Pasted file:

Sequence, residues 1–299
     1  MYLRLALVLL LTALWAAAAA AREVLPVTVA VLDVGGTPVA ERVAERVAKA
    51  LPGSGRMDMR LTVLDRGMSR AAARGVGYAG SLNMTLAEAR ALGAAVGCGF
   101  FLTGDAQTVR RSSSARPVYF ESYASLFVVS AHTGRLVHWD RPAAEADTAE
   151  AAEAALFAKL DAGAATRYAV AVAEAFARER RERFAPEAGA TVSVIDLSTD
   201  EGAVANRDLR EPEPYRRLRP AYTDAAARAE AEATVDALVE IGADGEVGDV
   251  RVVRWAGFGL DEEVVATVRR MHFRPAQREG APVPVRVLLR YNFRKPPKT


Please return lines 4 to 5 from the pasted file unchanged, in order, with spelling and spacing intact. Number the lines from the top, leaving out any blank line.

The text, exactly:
   101  FLTGDAQTVR RSSSARPVYF ESYASLFVVS AHTGRLVHWD RPAAEADTAE
   151  AAEAALFAKL DAGAATRYAV AVAEAFARER RERFAPEAGA TVSVIDLSTD